Step 1: Define What You Do

One of the first questions to ask yourself when starting the insurance buying process for your nonprofit is this: ‘What do we do?”

Buying Process Step 1

Buying Process Step 1

Do not limit your answer to your programs and your mission statement. Include those things, but don’t limit yourself.

Mindmap or brainstorm all of your activities.

For example, my mom runs a small nonprofit called Aaron and Andrew Ministries. If I asked this question ‘What do we do?” about this organization, my answers might include (I’m giving myself 3 minutes to brainstorm starting…. now):

  1. Wednesday home church meetings
  2. Saturday home church meetings
  3. Board meetings
  4. Occasional special event fund raisers
  5. Outreach school supply giveaways
  6. Thanksgiving turkey giveaways
  7. Christmas party
  8. Miscellaneous informal mentoring
  9. Pastoral counseling
  10. Teaching
  11. Occasionally transporting of members and volunteers
  12. Volunteer training
  13. Backoffice management (accounting, document filing, record keeping)
  14. Fundraising
  15. Newsletter production and mailing
  16. Partner with other churches and nonprofits for joint ventures
  17. Children and youth ministry

It’s amazing that a relatively small nonprofit generates this much activity.

The list paints a picture. It reveals where exposures to loss lie. Special events, home church services, and other activities inform the need for general liability.

Mentoring and pastoral counseling indicates an exposure to professional liability.

Work with children (my time ran out) highlights a small risk of accusation around abuse and molestation. That coverage should be addressed.

Accounting, fundraising, and other back office activities might spark a conversation around accounts receivable and employee dishonesty coverage.

Board meetings reveal a need for Directors and Officers liability.

I realize that this isn’t rocket science. Many of these exposures are obvious, yet the exercise is extremely helpful to uncover risks we might not have considered.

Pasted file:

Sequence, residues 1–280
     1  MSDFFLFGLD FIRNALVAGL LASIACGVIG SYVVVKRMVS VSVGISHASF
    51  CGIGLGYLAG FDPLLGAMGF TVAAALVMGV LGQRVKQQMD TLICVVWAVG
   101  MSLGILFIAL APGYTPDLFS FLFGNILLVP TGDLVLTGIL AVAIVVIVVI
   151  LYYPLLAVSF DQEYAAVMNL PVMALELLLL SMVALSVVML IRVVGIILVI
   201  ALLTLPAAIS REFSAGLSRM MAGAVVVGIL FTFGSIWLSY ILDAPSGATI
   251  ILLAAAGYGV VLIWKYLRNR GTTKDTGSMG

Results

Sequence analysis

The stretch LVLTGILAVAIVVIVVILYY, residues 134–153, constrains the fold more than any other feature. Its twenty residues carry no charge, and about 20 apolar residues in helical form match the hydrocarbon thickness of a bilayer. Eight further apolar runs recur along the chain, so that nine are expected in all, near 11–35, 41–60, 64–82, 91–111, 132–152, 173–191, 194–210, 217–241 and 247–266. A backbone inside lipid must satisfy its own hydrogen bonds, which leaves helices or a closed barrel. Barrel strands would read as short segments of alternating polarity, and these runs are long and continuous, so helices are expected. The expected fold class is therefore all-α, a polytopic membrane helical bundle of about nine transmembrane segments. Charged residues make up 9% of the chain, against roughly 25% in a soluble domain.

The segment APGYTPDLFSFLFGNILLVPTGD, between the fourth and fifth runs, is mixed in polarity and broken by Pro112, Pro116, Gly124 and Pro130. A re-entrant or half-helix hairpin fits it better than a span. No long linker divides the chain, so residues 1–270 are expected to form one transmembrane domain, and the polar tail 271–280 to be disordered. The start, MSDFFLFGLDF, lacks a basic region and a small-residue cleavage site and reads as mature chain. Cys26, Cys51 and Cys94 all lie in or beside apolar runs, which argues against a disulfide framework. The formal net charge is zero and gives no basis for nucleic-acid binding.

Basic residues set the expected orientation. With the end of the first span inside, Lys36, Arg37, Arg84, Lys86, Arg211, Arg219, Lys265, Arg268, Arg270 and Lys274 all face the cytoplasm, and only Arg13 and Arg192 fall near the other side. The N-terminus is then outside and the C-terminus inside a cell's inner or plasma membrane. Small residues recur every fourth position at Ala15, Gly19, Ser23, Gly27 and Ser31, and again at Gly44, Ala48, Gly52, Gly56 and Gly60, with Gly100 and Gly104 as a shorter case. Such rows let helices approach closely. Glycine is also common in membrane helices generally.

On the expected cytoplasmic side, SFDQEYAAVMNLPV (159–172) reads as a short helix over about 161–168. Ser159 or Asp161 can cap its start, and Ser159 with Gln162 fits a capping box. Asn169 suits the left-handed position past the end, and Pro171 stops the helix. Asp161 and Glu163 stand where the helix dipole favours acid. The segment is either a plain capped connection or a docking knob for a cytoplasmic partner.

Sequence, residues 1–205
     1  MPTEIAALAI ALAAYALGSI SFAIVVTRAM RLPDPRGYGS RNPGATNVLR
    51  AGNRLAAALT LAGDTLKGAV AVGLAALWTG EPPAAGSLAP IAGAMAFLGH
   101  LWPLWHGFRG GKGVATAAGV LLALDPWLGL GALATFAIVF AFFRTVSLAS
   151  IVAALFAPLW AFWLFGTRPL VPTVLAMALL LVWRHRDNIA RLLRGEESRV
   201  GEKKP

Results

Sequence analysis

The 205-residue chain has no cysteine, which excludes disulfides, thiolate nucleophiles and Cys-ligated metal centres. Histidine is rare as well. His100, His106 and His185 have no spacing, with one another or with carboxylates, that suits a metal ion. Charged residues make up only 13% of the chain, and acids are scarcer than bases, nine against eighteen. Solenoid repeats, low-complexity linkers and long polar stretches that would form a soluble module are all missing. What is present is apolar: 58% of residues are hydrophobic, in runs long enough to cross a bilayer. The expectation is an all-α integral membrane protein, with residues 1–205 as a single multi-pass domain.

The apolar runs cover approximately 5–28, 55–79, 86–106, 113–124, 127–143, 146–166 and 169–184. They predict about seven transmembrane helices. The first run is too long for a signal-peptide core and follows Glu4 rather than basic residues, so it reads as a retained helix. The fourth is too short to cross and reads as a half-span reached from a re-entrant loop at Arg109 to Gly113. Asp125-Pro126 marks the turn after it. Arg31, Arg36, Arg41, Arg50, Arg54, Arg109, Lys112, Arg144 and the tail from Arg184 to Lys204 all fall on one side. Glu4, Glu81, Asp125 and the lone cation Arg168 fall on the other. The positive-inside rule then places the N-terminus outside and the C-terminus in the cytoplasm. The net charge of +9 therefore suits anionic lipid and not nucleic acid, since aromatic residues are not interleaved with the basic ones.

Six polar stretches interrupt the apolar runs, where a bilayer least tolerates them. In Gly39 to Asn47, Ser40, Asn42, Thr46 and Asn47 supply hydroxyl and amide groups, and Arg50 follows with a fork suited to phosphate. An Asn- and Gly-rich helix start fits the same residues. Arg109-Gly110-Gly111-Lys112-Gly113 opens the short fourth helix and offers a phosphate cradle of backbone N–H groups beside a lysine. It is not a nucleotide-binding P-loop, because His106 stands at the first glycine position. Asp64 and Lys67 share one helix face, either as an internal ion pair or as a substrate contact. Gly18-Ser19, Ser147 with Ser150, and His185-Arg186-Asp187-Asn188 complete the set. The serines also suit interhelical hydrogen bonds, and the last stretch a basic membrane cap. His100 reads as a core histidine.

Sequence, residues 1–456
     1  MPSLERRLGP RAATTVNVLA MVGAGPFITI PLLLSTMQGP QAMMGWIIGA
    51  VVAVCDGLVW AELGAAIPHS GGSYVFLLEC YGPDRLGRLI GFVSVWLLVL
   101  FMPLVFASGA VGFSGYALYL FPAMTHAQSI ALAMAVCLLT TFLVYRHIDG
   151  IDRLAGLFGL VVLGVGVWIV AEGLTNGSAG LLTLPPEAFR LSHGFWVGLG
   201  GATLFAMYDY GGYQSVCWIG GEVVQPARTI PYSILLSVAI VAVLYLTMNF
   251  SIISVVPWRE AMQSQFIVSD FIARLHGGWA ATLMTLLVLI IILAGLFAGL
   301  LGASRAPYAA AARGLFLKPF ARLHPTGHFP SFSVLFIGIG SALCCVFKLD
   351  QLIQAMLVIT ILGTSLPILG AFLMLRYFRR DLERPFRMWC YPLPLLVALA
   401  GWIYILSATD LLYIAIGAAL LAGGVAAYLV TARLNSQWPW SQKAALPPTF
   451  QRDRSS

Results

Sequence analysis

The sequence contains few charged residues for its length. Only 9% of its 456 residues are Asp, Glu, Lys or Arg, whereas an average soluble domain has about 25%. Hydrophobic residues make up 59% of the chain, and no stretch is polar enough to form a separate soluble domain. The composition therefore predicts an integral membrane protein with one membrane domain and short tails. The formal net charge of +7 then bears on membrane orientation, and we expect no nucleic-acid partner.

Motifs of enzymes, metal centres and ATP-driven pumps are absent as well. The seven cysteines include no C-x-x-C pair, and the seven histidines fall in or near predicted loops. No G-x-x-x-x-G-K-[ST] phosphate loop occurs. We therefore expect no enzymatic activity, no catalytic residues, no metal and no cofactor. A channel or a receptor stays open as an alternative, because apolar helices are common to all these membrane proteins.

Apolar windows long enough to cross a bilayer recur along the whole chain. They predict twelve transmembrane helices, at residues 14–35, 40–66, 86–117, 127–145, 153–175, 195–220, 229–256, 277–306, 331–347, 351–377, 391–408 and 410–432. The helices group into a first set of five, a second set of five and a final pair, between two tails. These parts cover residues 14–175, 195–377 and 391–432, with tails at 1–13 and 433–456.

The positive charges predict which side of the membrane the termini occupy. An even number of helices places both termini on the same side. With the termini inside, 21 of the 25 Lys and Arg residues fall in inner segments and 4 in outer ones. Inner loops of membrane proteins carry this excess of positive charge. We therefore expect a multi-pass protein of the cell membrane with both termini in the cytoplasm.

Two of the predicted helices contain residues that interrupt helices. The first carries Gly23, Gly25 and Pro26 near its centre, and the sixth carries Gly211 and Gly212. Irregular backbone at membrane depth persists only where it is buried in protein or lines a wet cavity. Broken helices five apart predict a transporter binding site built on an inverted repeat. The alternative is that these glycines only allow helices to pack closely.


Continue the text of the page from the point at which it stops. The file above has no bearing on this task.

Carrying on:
Any nonprofit (or small business in general) would benefit from brainstorming the activities it does – from programming to revenue generating to internal, back office administering.

It is the first step that a nonprofit should take to start getting out how to evaluate the insurance coverage it might need.

The question isn’t ‘what kind of claim will we have?’

The question is ‘what do we do and how do we cover those activities?’

Hopefully you’ll never a have a claim!

 

 

Comments

  1. I belong to non profit organization, which we are under the County which we live, in NJ
    Our volunteer group, set up shelters, for pets, when people have to go into a shelter themselves, during a disaster, like hurricane Sandy, My question is, If something should happen to an animal,,
    like dog fight, death of an animal, or anything, where a pet gets hurt. I am asking this on my own,
    for my own knowledge.. We have a Licensed vet, and vet techs. besides rest of us or volunteers who
    love animals. I know we are covered under the county’s liability insurance. But I wanted to know if the owner of the animal decides to go after the county, and their lawyer says we need to bring the people who were at the shelter at that time, can they go after those folks. We do training, and have drills, for practice. Like I said, I am just asking for myself just interested

    • Brett Cohrs says:

      Hi Dolores,

      Not knowing agreements for coverage that might be in place, I’d always be nervous to depend on another entity’s insurance to cover you. People can sue anybody they’d like. And you’d have to defend that suit. Liability insurance would provide defense for a covered claim even if nothing comes of the claim. You’d want to make sure a policy would cover your specific type of operation – animal care/shelter nonprofit. If you are a super small nonprofit with no budget, then it’s a tougher call.

Trackbacks

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